Writing the Breakout Novel, by Donald Maas is another great resource for fiction writers. There is also a valuable workbook by the same name. I have used both in my training through CWG. Either resource could stand alone, because even though a lot of the material is the same, it’s not coordinated or formatted to correspond with each other. Example: Chapter One of the book is Why Write the Breakout Novel? Chapter One of the Workbook is on Character Development: From Protagonist to Hero.
What I like about the Workbook is that there are exercises at the end of each chapter that you can fill in yourself. At the end of each chapter of the book, there’s a checklist summary of the main points of the chapter. Examples follow.
- A breakout premise can be built
- Your favorite novels sweep you away, have characters you cannot forget, and involve dramatic and meaningful events.
- A break premise has plausibility, inherent conflict, originality and gut emotional appeal. And the list goes on.
Examples of the Exercise at the end of Chapter Two in the Workbook follow. Chapter Two of the Workbook is about developing multi-dimensional characters.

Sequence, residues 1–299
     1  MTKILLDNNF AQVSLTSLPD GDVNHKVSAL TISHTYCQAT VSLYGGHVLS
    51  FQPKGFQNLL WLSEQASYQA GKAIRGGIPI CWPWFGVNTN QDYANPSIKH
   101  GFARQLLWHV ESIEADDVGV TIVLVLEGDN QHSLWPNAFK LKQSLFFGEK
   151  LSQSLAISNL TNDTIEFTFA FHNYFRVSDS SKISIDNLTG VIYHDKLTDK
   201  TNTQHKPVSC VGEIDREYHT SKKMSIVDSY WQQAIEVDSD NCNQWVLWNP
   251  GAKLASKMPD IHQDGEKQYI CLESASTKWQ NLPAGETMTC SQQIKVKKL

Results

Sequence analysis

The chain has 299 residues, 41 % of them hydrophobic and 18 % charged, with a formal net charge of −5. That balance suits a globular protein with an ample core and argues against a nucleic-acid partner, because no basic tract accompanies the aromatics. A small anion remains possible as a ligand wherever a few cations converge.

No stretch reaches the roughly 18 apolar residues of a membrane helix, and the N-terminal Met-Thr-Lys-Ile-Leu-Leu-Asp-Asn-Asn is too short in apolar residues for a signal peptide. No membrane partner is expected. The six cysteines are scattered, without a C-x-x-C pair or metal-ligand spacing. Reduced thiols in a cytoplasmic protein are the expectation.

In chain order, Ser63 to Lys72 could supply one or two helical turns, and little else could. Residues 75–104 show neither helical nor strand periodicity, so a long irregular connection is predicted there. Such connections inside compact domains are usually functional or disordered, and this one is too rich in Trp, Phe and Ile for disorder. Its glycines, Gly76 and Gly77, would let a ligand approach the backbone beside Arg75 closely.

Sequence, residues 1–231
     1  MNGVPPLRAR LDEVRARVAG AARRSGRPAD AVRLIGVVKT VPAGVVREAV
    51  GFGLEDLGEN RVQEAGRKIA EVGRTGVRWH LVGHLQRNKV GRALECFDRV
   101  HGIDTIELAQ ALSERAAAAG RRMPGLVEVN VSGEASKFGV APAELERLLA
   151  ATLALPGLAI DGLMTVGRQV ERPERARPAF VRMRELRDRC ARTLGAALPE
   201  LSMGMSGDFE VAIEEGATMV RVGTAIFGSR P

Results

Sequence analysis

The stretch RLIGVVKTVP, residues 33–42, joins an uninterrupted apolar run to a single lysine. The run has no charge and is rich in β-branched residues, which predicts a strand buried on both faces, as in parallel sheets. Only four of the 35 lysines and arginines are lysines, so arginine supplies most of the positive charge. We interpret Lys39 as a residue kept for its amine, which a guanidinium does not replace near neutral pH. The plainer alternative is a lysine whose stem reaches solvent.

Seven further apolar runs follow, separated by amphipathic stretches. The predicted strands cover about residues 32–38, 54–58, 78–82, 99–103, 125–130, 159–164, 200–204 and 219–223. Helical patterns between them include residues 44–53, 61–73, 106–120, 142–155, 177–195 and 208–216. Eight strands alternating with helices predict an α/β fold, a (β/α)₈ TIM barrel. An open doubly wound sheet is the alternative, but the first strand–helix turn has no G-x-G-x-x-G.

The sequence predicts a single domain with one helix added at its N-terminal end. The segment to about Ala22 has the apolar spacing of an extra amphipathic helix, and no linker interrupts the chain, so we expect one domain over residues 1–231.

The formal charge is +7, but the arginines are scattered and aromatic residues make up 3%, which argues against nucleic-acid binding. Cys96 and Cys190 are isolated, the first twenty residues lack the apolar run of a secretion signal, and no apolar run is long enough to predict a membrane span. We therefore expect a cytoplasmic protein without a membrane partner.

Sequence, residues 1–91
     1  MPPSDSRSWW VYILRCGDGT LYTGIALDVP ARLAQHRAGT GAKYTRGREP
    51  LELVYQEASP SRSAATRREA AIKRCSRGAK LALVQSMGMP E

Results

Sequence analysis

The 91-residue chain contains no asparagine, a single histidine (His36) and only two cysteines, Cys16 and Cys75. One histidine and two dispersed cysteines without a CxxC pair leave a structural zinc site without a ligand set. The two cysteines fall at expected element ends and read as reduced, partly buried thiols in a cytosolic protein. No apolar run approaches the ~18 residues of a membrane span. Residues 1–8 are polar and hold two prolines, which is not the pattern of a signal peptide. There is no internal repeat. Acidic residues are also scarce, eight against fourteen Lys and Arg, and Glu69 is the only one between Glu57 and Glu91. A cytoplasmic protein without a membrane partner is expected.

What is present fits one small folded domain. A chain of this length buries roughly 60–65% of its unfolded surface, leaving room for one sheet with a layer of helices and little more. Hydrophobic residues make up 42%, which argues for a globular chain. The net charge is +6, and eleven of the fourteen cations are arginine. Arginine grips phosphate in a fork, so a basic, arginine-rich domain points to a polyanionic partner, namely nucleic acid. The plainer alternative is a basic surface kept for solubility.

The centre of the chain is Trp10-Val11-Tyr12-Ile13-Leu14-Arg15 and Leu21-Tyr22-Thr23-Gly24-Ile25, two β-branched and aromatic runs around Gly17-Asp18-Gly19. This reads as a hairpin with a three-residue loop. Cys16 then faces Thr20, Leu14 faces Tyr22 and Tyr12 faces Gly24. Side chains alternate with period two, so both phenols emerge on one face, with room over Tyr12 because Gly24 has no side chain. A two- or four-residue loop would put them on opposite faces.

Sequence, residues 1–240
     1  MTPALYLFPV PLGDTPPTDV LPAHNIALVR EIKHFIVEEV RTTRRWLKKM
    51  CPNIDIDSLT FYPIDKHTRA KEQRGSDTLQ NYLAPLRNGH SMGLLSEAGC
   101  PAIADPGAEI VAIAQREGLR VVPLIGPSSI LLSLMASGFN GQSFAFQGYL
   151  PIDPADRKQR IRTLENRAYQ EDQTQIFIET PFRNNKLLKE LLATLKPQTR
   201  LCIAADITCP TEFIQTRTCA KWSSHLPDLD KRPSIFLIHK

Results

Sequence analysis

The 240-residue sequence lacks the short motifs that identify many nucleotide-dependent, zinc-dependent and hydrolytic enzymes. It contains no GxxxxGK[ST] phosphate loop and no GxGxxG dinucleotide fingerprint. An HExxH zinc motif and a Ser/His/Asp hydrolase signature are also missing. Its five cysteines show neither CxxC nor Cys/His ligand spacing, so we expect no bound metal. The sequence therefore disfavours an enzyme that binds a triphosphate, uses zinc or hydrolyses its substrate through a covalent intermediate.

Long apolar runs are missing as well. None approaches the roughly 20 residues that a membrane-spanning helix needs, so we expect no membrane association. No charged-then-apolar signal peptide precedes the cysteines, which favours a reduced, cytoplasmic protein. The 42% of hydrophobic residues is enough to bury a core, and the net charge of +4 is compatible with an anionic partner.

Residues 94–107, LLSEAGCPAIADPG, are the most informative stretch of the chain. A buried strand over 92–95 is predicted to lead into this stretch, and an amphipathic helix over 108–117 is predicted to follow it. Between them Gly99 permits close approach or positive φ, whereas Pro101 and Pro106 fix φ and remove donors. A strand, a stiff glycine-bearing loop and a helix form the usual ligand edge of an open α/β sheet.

- Step 1: What is your protagonist’s defining quality; that is, how would anyone describe your protagonist? What trait is mot prominent in his personality? What kind of person is she (or he)? Write that down.
- Step 2: Objectively speaking, what is the opposite of that quality? Write that down.
So, have fun learning. Write that breakout novel, because it’s hard to break in to the writing field these days. The more excellent your book is, the better chance you give yourself to be published.
As Randy Newman’s song from “Monk” says, “Life just kills you. I might be wrong now. But I don’t think so. It’s a jungle out there. It’s a jungle out there.”
Have you got Tarzan or Allan Quartermain as your guide? If not, no worries. Donald Maas will help you navigate through the overgrowth, the weeds, and anything you need to help you write your breakthrough novel.